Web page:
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Re: toplevel commits [was Re: Fix make -j4 installs]
- From: DJ Delorie <dj at redhat dot com>
- To: pinskia at physics dot uc dot edu
- Cc: gcc-patches at gcc dot gnu dot org
- Date: Thu, 7 Dec 2006 22:50:06 -0500
- Subject: Re: toplevel commits [was Re: Fix make -j4 installs]
- References: <200612080325.kB83Pafc013531@localhost.localdomain>
> It is kinda hard when a lot of GCC developers don't have access to
> the src cvs and it is even harder to remember to ask someone to do
> it for you.
Yeah, it's not an ideal "solution", but neither side was willing to
cede control to the other (like libiberty, which is "owned" by gcc),
so it's technically infeasible to set up an automatic merge script.
I'm mostly concerned about patches that get applied without anyone
even realizing it needs to go to two places, because that is the most
difficult to merge later. And no, my mail filters (electronic and
biological) don't always catch the toplevel commits ;-)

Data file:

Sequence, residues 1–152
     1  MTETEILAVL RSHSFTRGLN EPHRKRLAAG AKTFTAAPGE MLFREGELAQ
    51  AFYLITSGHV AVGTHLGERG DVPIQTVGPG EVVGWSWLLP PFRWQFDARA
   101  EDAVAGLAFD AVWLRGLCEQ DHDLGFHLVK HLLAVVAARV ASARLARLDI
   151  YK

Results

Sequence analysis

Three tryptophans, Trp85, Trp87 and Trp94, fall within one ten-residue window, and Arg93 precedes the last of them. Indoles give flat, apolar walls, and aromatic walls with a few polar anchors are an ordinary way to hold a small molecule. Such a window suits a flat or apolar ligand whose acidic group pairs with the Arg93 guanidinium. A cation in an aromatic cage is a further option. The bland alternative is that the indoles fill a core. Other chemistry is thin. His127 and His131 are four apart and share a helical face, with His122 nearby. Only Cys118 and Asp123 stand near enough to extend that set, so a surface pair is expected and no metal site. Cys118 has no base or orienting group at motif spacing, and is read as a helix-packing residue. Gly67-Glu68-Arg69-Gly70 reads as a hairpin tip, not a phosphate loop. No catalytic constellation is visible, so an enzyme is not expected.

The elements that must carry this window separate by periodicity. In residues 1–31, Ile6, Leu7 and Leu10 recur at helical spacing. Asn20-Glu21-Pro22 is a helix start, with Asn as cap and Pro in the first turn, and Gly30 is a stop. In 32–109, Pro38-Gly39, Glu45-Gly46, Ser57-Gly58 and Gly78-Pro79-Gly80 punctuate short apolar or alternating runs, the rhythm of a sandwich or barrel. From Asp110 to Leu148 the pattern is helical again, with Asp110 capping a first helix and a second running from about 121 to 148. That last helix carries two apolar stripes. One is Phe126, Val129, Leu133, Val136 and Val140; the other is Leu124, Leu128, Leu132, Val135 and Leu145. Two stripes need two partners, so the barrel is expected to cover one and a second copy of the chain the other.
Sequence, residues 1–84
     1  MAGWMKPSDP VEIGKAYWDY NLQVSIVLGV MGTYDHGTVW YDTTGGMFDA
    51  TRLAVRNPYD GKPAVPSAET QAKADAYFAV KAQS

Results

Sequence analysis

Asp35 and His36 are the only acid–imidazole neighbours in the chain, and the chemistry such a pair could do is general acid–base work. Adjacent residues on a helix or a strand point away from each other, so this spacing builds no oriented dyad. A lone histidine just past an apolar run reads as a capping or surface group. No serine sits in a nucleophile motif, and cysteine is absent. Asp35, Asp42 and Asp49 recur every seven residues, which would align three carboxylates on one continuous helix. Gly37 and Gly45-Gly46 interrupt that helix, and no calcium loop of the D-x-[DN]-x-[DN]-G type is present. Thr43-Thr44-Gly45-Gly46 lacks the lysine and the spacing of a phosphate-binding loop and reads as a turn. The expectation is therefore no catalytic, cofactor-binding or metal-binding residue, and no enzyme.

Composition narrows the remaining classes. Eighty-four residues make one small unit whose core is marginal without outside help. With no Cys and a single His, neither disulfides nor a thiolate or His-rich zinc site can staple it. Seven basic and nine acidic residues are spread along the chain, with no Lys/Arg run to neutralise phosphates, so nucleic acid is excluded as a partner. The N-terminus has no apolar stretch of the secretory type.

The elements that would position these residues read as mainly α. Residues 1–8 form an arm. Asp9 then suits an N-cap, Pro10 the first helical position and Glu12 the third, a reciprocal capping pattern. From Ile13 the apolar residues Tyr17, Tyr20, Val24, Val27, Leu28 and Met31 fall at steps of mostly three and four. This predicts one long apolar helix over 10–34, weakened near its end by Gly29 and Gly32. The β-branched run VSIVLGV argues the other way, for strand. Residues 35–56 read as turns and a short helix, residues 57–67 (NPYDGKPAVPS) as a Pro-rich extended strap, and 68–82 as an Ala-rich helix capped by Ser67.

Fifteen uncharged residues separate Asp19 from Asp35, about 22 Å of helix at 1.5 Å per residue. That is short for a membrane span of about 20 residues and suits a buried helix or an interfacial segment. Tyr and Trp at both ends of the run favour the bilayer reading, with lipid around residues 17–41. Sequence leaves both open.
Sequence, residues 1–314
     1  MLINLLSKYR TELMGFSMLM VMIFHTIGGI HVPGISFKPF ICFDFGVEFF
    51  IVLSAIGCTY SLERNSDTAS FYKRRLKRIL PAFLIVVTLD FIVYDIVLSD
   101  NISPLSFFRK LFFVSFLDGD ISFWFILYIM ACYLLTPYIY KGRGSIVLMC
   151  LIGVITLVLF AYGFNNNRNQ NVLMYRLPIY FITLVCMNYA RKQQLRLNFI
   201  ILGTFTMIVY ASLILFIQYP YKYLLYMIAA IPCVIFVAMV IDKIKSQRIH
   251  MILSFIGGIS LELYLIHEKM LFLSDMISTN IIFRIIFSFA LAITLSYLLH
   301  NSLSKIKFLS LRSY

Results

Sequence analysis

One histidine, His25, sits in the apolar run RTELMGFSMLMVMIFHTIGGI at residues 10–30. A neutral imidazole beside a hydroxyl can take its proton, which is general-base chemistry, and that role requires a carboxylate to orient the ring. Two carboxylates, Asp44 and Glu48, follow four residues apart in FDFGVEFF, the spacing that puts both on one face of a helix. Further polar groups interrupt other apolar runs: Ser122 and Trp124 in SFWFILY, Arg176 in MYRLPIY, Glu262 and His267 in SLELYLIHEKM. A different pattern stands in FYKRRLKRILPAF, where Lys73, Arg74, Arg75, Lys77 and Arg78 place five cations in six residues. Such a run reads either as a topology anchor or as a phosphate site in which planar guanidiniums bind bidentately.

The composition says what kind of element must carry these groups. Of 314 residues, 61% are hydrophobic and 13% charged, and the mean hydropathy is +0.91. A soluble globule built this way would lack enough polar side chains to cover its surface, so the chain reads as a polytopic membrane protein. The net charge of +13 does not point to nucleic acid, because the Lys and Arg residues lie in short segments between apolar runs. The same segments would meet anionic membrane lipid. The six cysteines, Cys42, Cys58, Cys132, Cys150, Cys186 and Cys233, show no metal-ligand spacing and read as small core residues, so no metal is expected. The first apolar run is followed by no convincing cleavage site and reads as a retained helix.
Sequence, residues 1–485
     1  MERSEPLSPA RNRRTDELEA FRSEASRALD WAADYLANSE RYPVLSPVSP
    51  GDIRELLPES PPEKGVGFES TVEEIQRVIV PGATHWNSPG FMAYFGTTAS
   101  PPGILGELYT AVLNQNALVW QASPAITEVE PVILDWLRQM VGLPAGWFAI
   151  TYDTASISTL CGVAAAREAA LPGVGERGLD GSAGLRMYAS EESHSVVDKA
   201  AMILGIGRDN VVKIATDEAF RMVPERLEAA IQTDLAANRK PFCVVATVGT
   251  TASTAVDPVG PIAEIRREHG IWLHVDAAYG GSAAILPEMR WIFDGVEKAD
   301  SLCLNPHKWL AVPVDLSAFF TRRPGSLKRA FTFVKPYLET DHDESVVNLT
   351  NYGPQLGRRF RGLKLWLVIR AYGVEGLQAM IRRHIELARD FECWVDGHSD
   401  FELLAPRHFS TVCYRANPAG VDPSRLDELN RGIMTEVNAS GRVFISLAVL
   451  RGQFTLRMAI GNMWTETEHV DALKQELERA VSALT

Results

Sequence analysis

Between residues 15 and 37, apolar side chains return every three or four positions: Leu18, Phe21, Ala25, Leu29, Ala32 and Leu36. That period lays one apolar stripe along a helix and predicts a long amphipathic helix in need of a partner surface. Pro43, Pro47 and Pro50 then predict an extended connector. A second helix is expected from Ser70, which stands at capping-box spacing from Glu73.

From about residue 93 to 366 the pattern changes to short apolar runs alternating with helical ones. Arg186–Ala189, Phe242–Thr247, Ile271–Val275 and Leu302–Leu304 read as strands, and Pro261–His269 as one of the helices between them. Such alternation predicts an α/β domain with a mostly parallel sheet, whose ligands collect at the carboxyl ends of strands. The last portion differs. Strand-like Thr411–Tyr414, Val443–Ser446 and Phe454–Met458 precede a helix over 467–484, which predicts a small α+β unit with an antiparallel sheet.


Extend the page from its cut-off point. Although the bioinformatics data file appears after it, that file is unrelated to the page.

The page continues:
So, I have a cron job that watches the two toplevels and notifies me
(and a few other maintainers) when they're out of sync. I ask the
committer if they can do the merge, or if they work for a company, can
a co-worker do it, else I usually end up doing it myself (or one of
the other maintainers). If you're a port maintainer, who maintains
the binutils port for your chip? That's usually a good person to ask,
and there's sometimes a need to coordinate toplevel changes with that
As for being hard to remember to ask someone, well, it's part of the
process like all the other little steps you have to remember. Since
most people don't modify the toplevel, it doesn't come up often.
Of course, we could always choose to de-sync the toplevel, with the
understanding that NOBODY would be able to build a combined tree again
EVER (for example, this would screw Red Hat's internal builds, I don't
know about other companies), but I don't think I could agree to